Who is winning the WFH wardrobe wars so far? According to my Insta feed, it looks like Birkenstocks are in the lead. No surprise there as they straddle wellness wear and fashion rather nicely.
For Instagram’s minimalist set, the default uniform is Birkenstocks*, socks, (cashmere) joggers and an elevated knit or sweat. M Magazine’s Suzanne Koller (below) has been proudly sporting her Raey cashmere PJs and Birkenstocks combo on Insta, while Brittany Bathgate (above) is no stranger to a sweats and Birks uniform. (more…)
I just received a box of Beauty Pie samples (there are new additions* to the Japanfusion line), extolling its new pop-up at Harvey Nichols, which obviously won’t be experienced now for a while.
But worse is Arfa, a US-based direct-to-consumer holding company, whose first brand is Hiki, a bold bodycare line for ‘everyday sweat needs’ (read: deodorant).
Three things of interest here. Acknowledging the mood of the moment, Hiki decided to give its products for free to hospital and medical workers (they just have to pay for part of the shipping), and to everyone else in exchange for a compassionate message on social to reinforce its brand value of ‘kindness’. It’s a way to make the best of a bad situation and bake that situation into its narrative of body care. (more…)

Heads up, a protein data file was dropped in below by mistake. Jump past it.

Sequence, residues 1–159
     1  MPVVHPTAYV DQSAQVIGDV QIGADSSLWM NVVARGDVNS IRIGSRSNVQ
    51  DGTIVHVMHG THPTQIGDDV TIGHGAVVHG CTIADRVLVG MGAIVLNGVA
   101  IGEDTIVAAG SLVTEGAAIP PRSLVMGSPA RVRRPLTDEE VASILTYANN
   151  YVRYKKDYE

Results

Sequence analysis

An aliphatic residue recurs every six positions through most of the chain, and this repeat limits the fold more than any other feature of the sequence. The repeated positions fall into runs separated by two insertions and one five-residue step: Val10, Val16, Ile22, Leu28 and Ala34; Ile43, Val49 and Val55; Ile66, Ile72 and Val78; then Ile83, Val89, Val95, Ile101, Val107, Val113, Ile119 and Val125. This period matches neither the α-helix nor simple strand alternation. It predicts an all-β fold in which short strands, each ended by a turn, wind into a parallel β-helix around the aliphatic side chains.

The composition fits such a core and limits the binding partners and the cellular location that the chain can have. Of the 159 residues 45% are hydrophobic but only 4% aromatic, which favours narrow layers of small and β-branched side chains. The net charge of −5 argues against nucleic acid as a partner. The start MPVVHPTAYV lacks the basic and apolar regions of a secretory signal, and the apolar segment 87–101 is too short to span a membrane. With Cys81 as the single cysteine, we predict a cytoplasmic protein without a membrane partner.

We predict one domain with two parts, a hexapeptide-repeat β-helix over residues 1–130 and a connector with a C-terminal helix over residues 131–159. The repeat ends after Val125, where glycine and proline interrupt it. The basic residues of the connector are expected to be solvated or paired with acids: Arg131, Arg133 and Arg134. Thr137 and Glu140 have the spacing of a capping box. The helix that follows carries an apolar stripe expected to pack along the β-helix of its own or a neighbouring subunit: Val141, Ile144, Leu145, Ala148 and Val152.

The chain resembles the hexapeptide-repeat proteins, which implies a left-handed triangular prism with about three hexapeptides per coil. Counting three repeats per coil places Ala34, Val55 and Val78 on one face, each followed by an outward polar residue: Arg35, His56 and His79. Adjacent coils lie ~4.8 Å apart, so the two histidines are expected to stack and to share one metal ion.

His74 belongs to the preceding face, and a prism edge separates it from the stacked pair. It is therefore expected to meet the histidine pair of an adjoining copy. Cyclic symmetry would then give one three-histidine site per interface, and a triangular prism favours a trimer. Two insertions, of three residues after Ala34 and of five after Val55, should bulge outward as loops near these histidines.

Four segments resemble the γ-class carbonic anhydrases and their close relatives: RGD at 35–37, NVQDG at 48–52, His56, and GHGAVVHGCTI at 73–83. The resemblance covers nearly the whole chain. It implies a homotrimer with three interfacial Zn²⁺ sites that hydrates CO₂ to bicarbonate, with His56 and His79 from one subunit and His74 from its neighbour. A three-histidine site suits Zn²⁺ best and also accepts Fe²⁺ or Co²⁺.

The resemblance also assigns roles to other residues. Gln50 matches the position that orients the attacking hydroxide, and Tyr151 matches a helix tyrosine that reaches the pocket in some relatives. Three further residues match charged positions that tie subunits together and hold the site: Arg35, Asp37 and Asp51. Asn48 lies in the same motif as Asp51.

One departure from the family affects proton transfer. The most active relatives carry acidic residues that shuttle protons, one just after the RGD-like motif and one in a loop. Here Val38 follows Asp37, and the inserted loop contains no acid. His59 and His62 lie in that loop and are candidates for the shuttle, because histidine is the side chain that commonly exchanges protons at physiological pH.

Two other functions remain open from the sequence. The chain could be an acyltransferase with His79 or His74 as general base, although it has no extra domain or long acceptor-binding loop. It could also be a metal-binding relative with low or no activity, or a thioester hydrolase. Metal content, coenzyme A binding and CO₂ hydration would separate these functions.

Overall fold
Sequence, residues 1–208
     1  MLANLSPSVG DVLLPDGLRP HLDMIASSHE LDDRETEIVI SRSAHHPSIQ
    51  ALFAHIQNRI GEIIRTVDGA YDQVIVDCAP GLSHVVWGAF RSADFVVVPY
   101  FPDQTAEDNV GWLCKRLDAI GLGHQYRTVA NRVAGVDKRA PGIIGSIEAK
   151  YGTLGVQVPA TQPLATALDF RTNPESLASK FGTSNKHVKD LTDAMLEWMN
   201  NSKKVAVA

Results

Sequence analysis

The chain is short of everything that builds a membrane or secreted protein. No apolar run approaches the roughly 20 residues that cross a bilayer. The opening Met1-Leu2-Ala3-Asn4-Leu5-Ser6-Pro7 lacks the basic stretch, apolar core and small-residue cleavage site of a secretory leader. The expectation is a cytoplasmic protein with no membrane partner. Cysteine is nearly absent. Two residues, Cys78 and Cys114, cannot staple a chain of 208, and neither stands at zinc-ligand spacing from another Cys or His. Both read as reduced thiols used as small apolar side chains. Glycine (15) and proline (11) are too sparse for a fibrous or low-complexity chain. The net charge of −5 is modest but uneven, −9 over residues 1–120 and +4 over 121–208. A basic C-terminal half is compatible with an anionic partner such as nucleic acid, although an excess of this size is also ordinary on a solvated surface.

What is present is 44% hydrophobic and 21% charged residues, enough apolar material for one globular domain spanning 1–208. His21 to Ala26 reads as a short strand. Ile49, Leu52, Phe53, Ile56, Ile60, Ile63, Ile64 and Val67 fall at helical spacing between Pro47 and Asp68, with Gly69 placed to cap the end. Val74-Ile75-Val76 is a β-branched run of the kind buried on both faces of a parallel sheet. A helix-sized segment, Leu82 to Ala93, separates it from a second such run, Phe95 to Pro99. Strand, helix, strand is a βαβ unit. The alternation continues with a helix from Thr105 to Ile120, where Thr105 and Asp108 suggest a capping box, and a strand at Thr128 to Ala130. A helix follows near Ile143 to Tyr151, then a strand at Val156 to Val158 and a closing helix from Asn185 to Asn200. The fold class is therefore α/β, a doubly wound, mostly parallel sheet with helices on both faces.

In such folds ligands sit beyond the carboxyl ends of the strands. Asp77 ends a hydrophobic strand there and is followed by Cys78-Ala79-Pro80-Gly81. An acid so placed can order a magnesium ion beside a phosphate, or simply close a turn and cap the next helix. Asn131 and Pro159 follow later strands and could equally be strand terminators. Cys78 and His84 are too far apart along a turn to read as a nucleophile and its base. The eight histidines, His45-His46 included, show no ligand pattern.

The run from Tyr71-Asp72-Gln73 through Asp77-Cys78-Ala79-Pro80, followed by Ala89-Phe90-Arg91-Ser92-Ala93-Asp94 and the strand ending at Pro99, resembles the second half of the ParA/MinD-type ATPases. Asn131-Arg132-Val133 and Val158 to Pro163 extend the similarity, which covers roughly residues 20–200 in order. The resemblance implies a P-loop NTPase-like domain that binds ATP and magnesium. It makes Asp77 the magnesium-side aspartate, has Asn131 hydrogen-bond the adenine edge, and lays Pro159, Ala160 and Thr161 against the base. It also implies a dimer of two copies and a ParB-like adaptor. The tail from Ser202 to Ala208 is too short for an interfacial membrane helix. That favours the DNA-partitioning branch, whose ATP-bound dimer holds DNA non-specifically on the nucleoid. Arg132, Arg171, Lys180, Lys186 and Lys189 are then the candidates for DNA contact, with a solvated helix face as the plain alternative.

I love this feelgood story on how LVMH (granted, France’s biggest company) leapt into action switching its perfume factory into a hand sanitiser production facility during the coronavirus crisis. In a couple of days, the hand sanitisers were available to start distributing to 39 hospitals in Paris (with more to come).
How? It’s all down to quick decision making at the top, plus common business sense. (more…)
How is everyone doing? It’s a weird week in London with what feel like the first stages of grief as the C-word-that-must-not-be-spoken takes hold. Denial, anger and bargaining as we try to navigate rather contradictory recommendations from our government, health officials and employers. Trying to make sure we have the required essentials should we wake up one day with a dry cough and fever and can’t leave the house for seven days (or is it 14?). Yet not panic buying as that makes things worse for those who are less able or affluent. (more…)